Role of Tyrosine Kinase Inhibitors in the Management of Philadelphia Chromosome–Positive Acute Lymphoblastic Leukemia

  • Michael S. Mathisen
  • Susan O’Brien
  • Deborah Thomas
  • Jorge Cortes
  • Hagop Kantarjian
  • Farhad Ravandi
Article

Abstract

The Philadelphia chromosome is the most common cytogenetic abnormality found in adult patients diagnosed with acute lymphoblastic leukemia. The result of this abnormality is the BCR-ABL protein, a constitutively active kinase involved in cell signaling and survival. When managed with multiagent chemotherapy regimens alone, patients have traditionally had an inferior outcome in terms of remission duration and overall survival when compared with patients who are Philadelphia chromosome–negative. Small-molecule tyrosine kinase inhibitors, such as imatinib and dasatinib, directly inhibit the BCR-ABL kinase, offering a targeted approach as a therapeutic option. As a result of several clinical trials with adequate follow-up, imatinib combined with chemotherapy represents the current standard of care for patients with newly diagnosed disease. Allogeneic stem cell transplantation has previously been the only modality to offer the potential for a cure, and it still should be considered for all patients deemed able to tolerate such an intervention. Second-generation tyrosine kinase inhibitors, such as dasatinib, may further improve the outcome in these patients. The role of molecular monitoring and the use of tyrosine kinase inhibitors after stem cell transplantation are areas of active investigation, and the results of ongoing trials will help to clarify the optimal management of these patients.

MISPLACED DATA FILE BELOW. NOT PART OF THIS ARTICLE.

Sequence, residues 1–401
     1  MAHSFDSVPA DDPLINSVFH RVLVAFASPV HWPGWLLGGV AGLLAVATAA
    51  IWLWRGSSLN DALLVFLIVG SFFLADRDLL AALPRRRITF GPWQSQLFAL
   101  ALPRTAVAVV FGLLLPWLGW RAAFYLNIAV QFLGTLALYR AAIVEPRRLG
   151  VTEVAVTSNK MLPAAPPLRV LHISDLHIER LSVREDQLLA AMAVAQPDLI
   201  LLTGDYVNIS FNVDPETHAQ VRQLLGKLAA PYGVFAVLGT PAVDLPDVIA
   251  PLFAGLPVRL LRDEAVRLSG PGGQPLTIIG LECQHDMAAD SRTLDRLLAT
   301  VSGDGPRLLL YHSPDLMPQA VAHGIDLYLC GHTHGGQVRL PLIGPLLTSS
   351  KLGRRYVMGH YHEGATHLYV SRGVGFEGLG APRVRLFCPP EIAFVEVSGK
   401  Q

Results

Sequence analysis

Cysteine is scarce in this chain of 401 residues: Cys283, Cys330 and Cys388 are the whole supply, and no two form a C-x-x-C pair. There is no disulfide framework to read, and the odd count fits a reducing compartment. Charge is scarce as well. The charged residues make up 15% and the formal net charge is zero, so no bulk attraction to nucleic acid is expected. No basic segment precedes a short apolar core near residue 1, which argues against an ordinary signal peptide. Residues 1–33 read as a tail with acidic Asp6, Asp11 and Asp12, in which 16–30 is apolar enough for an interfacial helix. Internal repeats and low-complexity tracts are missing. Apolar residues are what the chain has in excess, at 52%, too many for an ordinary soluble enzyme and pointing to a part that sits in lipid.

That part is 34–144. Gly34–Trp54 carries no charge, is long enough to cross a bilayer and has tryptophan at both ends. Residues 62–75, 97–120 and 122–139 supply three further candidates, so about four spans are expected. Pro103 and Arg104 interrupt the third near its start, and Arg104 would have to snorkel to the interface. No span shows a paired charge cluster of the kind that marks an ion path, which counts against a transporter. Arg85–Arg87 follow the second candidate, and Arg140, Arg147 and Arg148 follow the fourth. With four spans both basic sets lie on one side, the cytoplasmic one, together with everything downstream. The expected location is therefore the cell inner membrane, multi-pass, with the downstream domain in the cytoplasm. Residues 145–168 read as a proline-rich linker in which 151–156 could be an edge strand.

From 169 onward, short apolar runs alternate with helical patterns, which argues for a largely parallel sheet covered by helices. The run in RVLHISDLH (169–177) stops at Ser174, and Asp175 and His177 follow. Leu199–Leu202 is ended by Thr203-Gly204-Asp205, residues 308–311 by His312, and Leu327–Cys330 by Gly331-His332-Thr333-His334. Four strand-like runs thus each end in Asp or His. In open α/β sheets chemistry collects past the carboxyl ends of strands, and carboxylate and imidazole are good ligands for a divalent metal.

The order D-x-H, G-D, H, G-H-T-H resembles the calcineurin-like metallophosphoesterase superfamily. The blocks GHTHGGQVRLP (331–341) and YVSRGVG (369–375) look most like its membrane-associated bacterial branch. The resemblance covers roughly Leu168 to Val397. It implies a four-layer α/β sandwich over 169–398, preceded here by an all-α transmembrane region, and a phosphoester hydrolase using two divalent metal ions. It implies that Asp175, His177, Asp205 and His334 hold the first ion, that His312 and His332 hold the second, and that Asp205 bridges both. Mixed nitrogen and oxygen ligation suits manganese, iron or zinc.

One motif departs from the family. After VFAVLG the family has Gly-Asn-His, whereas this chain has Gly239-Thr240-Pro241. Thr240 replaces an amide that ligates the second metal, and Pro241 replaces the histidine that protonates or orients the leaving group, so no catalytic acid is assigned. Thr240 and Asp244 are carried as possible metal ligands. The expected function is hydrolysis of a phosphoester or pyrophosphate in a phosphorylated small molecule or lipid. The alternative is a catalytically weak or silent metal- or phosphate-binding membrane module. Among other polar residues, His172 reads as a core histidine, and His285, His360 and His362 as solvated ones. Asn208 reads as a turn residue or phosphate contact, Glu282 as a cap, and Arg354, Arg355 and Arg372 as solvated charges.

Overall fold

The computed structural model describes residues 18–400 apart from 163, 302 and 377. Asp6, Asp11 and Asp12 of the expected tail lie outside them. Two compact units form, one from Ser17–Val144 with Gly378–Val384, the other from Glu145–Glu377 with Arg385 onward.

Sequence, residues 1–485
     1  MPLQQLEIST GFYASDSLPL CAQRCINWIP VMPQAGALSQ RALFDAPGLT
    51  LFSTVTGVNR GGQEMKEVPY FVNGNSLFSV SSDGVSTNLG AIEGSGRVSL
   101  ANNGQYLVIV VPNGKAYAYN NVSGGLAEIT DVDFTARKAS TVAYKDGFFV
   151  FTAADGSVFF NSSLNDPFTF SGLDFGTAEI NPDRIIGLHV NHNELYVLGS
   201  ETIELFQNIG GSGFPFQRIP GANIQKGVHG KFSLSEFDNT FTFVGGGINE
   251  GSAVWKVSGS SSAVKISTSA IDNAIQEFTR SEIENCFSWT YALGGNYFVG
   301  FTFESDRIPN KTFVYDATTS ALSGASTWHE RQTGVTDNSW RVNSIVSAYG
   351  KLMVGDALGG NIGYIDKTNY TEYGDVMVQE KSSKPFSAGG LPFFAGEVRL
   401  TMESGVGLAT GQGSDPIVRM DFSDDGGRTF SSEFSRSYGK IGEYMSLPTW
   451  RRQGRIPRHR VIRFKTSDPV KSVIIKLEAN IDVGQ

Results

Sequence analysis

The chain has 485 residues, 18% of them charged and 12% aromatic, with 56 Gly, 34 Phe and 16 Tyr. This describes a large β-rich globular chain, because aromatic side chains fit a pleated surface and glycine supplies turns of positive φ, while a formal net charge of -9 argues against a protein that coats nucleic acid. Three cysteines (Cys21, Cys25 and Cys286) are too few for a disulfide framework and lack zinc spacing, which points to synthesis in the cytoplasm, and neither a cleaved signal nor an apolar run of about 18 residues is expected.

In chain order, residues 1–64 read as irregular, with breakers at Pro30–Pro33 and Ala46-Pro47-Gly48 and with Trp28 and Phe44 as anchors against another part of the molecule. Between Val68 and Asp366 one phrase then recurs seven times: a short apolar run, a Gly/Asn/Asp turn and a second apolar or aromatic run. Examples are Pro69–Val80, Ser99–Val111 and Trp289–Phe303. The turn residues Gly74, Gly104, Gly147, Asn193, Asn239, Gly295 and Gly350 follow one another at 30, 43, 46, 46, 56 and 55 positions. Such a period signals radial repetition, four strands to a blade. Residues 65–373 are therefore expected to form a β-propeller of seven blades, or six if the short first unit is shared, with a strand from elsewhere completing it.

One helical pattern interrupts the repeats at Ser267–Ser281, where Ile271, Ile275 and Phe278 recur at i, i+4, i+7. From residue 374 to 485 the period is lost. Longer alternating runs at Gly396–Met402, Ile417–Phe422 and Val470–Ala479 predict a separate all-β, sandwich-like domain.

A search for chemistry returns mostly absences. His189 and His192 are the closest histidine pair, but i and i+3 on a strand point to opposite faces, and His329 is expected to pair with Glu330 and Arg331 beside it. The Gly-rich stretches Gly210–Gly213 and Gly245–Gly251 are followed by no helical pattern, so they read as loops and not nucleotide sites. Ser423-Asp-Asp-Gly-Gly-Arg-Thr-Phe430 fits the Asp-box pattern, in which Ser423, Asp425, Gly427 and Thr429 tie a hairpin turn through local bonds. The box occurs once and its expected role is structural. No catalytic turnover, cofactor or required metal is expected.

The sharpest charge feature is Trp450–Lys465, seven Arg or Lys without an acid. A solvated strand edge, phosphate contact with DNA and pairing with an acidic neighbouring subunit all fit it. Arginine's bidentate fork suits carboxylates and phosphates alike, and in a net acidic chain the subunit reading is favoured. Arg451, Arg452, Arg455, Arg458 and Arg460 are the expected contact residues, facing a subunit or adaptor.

Keywords

Philadelphia chromosome Acute lymphoblastic leukemia ALL Ph+ ALL Therapy Treatment Tyrosine kinase inhibitors Imatinib Dasatinib Complications Stem cell transplantation Chemotherapy 

Notes

Disclosure

Conflicts of Interest: M. Mathisen: none; S. O’Brien: none; D. Thomas: Consulting fees from Pfizer and payment for speaking from Novartis and Bristol-Myers-Squibb; J. Cortes: Consulting fees from Novartis, Bristol-Myers-Squibb, Ariad, Chemgenex, and Pfizer; H. Kantarjian: Grants or consulting fees from Novartis, Bristol-Myers-Squibb, and Pfizer; F. Ravandi: Research grants and consulting fees from Novartis and Bristol-Myers-Squibb.

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Copyright information

© Springer Science+Business Media, LLC 2011

Authors and Affiliations

  • Michael S. Mathisen
    • 1
  • Susan O’Brien
    • 1
  • Deborah Thomas
    • 1
  • Jorge Cortes
    • 1
  • Hagop Kantarjian
    • 1
  • Farhad Ravandi
    • 1
  1. 1.Department of Leukemia, Unit 428The University of Texas – M D Anderson Cancer CenterHoustonUSA

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